Iraqi Prime Minister Mustafa Al Kadhimi on Tuesday accepted the resignation of his finance minister Ali Allawi, as the country's political deadlock continues.
“We will hand over power to another minister for the time being following the resignation of Mr Allawi,” a source in the prime minister's office told The National.
The source said Mr Allawi had submitted his resignation during the weekly Cabinet meeting in Baghdad and that he had threatened several times to resign over political pressures.
Asked who would fill the role of finance minister, the source said “it will most likely go to the oil minister, Ihsan Abdul Jabbar”.
In a statement to his Cabinet ministers, Mr Al Kadhimi said they must all "rise to the challenge" and that "making sacrifices for Iraq is not an element of weakness but is a strength".
"Compromise is a real strength and I urge you to be patient and courageous," he said. "We have reached a stage where we are able to build our country, despite the absence of a budget for two years."
He said the Iraqi public had the right to ask for "paved streets, water, schools and health care, but all this must be balanced in order for the government to do its part".
Mr Al Kadhimi called for a national dialogue with all political factions to break the country's deadlock.
Mr Allawi, a political veteran who was once an exiled opposition figure, was respected in some circles for publishing several papers outlining Iraq's structural economic problems. He also wrote a celebrated book about the turmoil in Iraq after the US-led invasion, The Occupation of Iraq: Winning the War, Losing the Peace.
An embattled government
Mr Allawi has come under increasing pressure from across Iraq's political spectrum as government formation floundered this year following October's contested elections.
Two rival groups, one led by radical cleric Moqtada Al Sadr, the other an alliance of mainly Iran-linked parties known as the Co-ordination Framework, have sought to block attempts to form a government through a series of parliamentary boycotts, legal challenges, threats and protests.
Mr Al Sadr won the plurality of seats in the October election, putting him in pole position to form a government. But the unpredictable cleric has since withdrawn his MPs from Parliament in protest against widespread political corruption.
Mr Allawi's decision in December 2020 to devalue the Iraqi dinar by 22 per cent while Iraq struggled with low oil revenue amid the global pandemic was firmly opposed by Mr Al Sadr, whose supporters now occupy the area around Parliament in a sit-in protest.
In February, Mr Al Sadr tweeted that Mr Allawi should appear before Parliament for questioning, and the following day, Parliament's Deputy Speaker — then Sadr loyalist Hakim Al Zamili — summoned him for interrogation in the legislative assembly.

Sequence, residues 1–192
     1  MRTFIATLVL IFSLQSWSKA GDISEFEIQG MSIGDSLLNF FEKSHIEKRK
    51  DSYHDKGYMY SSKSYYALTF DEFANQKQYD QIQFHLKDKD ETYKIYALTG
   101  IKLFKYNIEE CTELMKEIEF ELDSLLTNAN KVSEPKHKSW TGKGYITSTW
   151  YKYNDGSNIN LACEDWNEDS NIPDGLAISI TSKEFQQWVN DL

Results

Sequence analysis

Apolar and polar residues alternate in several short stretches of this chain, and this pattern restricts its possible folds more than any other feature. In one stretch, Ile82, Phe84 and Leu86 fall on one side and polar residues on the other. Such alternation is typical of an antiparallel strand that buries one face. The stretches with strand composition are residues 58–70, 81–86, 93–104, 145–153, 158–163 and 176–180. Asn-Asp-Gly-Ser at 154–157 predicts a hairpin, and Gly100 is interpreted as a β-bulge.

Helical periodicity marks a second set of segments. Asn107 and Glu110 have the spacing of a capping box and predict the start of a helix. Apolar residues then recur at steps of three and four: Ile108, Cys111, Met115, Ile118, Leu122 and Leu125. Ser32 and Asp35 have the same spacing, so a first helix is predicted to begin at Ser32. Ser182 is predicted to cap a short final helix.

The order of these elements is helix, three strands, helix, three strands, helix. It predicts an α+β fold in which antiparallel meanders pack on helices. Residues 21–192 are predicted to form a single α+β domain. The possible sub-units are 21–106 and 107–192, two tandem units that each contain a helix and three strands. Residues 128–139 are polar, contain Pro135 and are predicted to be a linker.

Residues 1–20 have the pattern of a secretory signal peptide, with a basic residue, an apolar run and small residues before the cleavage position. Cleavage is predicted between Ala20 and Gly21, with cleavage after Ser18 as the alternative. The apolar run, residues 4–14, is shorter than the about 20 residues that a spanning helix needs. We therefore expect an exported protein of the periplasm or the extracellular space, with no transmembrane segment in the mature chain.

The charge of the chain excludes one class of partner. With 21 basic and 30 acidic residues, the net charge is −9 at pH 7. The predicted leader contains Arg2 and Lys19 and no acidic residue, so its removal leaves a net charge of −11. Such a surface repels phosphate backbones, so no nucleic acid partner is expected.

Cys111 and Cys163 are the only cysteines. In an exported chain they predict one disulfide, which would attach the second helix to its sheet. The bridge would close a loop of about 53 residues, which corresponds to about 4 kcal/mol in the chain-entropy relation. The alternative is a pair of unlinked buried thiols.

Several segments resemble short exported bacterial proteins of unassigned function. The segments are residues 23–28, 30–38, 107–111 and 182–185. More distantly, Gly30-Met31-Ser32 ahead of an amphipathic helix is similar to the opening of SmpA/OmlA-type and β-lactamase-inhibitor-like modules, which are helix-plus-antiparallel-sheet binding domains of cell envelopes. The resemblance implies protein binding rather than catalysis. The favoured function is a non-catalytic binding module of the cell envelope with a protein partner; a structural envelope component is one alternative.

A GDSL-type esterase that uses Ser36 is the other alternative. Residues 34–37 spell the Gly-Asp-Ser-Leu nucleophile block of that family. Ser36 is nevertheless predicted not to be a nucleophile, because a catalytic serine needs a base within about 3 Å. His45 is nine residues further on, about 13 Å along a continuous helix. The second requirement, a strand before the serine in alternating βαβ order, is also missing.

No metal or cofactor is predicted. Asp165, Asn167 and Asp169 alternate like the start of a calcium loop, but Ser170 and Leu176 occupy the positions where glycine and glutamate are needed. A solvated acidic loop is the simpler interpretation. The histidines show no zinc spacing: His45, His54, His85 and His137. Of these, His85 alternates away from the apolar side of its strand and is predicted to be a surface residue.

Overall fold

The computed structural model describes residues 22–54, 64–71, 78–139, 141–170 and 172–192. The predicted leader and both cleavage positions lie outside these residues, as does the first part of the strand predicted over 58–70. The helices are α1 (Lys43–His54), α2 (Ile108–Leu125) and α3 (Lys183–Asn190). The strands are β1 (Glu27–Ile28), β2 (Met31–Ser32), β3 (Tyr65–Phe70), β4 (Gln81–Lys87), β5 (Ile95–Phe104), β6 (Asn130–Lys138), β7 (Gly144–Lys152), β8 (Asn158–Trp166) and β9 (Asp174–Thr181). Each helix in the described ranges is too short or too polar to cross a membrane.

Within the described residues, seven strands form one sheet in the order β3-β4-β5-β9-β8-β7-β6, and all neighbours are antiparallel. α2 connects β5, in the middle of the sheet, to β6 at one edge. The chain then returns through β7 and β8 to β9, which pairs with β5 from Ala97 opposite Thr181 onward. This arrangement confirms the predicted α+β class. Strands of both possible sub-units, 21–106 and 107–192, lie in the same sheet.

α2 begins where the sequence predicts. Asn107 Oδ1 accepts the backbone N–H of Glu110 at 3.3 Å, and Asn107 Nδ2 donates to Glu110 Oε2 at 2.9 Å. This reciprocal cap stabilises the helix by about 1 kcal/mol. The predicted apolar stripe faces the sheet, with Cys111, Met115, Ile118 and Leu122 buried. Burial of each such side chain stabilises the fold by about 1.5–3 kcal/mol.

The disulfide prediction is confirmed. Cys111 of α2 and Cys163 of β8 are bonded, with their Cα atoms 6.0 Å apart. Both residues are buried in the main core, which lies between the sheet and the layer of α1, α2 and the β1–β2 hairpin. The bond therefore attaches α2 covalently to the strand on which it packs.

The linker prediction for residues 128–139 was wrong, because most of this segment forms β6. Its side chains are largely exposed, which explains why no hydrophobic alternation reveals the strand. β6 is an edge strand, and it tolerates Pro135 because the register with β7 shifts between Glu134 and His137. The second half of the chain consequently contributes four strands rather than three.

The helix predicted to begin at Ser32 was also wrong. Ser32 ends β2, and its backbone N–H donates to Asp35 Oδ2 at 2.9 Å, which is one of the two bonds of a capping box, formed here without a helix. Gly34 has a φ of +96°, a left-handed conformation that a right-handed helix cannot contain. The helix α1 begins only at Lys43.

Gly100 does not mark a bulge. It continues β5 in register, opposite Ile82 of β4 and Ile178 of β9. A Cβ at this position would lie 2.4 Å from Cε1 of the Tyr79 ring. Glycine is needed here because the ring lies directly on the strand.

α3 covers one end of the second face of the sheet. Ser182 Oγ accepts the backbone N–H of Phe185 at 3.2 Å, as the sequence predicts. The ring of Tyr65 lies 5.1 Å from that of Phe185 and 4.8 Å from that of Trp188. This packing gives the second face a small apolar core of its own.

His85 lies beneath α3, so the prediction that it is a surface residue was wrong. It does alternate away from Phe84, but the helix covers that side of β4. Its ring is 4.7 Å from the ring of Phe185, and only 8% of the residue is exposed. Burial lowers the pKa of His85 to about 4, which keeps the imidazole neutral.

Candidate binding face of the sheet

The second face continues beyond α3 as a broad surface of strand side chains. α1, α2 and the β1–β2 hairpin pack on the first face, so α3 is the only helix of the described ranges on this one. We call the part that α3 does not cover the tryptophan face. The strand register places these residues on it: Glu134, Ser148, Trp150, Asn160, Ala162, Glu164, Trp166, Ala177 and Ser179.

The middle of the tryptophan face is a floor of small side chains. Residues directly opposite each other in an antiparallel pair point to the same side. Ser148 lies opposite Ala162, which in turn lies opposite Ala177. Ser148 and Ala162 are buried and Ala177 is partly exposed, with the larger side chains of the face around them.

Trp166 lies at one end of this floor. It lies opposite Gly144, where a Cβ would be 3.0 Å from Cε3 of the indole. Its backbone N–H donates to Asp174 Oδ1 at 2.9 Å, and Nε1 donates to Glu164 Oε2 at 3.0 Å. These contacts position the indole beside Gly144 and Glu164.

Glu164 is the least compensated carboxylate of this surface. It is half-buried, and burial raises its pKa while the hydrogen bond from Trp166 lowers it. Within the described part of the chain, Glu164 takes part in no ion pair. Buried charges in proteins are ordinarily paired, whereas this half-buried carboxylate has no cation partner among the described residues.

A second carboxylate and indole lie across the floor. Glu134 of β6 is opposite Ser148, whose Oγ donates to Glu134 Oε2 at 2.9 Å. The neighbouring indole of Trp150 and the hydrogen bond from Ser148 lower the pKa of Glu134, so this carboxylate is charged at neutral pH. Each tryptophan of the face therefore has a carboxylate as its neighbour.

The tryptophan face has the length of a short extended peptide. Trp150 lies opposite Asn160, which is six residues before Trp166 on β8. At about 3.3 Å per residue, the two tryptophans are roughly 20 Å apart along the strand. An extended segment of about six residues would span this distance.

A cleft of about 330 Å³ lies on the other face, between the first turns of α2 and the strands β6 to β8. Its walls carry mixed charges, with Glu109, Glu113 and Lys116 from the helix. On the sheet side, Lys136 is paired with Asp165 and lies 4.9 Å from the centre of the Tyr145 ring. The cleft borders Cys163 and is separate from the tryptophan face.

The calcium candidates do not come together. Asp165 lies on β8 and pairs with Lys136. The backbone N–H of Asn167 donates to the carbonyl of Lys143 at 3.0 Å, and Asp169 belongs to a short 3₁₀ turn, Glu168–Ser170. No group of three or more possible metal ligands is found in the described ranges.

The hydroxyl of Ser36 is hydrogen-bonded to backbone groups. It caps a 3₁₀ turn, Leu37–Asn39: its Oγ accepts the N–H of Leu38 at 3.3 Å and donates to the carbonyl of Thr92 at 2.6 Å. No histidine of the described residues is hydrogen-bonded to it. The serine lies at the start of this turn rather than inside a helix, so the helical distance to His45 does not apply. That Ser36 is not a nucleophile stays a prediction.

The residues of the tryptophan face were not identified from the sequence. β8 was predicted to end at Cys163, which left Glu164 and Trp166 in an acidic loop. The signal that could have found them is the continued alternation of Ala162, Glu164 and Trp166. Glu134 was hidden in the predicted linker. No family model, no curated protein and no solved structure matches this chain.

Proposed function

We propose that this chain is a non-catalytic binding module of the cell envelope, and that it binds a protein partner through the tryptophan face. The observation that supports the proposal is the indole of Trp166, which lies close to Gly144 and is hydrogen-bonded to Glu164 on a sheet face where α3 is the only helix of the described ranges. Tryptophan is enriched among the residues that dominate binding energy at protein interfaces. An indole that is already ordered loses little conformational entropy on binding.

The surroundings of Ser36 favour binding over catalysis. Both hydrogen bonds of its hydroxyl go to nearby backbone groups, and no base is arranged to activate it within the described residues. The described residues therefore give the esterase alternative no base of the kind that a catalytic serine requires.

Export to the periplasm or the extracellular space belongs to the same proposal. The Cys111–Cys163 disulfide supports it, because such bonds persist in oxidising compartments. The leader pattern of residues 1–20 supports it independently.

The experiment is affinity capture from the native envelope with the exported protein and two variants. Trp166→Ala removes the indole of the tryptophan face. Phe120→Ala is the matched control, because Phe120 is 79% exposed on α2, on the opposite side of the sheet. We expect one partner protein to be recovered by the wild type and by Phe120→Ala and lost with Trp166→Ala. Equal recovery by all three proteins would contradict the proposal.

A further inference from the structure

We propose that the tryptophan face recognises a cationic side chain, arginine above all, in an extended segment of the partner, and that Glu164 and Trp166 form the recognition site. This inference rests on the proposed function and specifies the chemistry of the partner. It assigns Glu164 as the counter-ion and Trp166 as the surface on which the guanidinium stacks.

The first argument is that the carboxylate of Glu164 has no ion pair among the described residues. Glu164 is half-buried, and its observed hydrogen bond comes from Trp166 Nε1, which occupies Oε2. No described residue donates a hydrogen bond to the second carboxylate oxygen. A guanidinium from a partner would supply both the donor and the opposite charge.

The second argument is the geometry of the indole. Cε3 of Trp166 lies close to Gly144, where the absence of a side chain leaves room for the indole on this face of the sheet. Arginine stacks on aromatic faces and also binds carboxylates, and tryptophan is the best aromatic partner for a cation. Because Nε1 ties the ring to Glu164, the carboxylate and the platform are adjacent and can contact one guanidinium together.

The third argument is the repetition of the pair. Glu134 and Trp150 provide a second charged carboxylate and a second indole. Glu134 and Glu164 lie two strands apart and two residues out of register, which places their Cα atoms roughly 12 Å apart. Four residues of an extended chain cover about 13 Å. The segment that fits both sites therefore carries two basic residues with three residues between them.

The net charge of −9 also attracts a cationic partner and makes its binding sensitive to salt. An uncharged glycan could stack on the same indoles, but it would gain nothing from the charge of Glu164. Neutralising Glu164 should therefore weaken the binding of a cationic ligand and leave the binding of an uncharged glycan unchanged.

This prompted an angry response from Mr Allawi, who said it was an insult to the "dignity" of the government — under the constitution, ministers can be questioned if 50 MPs agree to the summons.
Mr Allawi said Mr Al Sadr was trying to influence the government through Twitter.
But Mr Allawi has also made concessions to the Sadrists this year, with both the Al Kadhimi government and the cleric’s supporters backing a bill to allocate funds for food distribution to poor members of the public, as well as operational expenses for the electricity sector.
The legislation was firmly opposed by the Co-ordination Framework.
To Kirk Sowell, who runs the Iraq-focused Utica Risk consultancy, Mr Allawi has long lacked the power to govern.
"Allawi had only modest influence when the government was in formal power and none to speak of now," Mr Sowell said.
The absence of a new government places constitutional limits on caretaker government spending, curbing government salaries, despite Mr Allawi's call to increase investment in public services.
Mr Sowell says Mr Al Sadr is not likely to have had a hand in Mr Allawi's resignation and that tension will continue. On Tuesday, Mr Al Sadr postponed what he said would be a "million man march" after the Co-ordination Framework promised a counter-demonstration.
"Sadr isn't backing down from the shutdown of Parliament by his supporters and needs Parliament to be dissolved before a government can be formed so that his rivals can't amend the election law — and election commission — to his detriment," Mr Sowell said.
"He is de-escalating, not retreating."
Norman Ricklefs, who runs Iraq-focused consultancy Namea Group, said that it was possible Mr Allawi's resignation, and the cancellation of the planned protests by Mr Al Sadr’s followers, were linked to a recent meeting between members of the Co-ordination Framework and Mr Al Sadr's former coalition partners the Kurdish Democratic Party, in Erbil.
“This might indicate that a political deal has been done that could allow Parliament and the acting government to start preparations to hold another round of elections, presumably in 2023.”
A veteran politician
The former minister, 74, was born in Baghdad but lived much of his life in exile in London.
He comes from a prominent Shiite family that fled Iraq after the 1958 coup that overthrew King Faisal II.
Educated in Britain and the US, including at Massachusetts Institute of Technology (MIT) and Harvard, where he obtained a master's in business administration, Mr Allawi later worked as a merchant banker and at the World Bank.
Following the US-led invasion in 2003, Mr Allawi returned to Iraq after four decades to help run the country.
During the 2003-2004 interim government, he served in the Iraqi Governing Council's Cabinet as the minister of defence and trade, and later as finance minister in the Transitional National Government of Iraq from 2005-2006, when the country's post-2003 constitution was ratified.